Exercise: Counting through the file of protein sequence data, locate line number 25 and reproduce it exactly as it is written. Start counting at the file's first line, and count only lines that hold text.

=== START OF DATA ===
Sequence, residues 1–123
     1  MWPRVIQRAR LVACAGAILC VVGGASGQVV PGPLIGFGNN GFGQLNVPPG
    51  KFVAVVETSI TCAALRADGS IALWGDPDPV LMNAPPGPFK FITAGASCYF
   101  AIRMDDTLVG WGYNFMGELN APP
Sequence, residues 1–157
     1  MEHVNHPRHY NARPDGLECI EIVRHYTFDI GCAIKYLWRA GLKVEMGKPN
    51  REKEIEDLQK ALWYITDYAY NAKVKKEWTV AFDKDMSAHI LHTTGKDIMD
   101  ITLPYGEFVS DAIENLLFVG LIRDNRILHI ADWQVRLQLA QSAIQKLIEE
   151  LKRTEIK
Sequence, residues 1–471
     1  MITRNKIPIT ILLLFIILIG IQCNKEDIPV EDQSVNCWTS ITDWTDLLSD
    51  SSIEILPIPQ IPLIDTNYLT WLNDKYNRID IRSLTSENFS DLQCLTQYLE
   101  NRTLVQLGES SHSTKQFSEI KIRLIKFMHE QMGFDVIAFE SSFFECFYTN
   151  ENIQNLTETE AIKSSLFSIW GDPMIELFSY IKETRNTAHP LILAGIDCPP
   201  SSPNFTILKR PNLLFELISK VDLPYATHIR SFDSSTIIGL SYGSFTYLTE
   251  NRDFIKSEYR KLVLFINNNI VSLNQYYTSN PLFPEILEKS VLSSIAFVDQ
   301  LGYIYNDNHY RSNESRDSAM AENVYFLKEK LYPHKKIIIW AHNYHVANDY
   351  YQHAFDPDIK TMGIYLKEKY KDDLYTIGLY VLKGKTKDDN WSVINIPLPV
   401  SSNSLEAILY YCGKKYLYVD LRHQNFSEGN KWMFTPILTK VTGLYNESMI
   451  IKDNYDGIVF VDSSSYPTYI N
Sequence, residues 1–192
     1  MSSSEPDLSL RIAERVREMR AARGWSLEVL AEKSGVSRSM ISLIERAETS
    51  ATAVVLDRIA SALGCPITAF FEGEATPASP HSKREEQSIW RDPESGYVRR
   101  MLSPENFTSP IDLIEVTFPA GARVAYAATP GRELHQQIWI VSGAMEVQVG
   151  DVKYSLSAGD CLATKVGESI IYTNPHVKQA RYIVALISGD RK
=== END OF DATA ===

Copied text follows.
   151  DVKYSLSAGD CLATKVGESI IYTNPHVKQA RYIVALISGD RK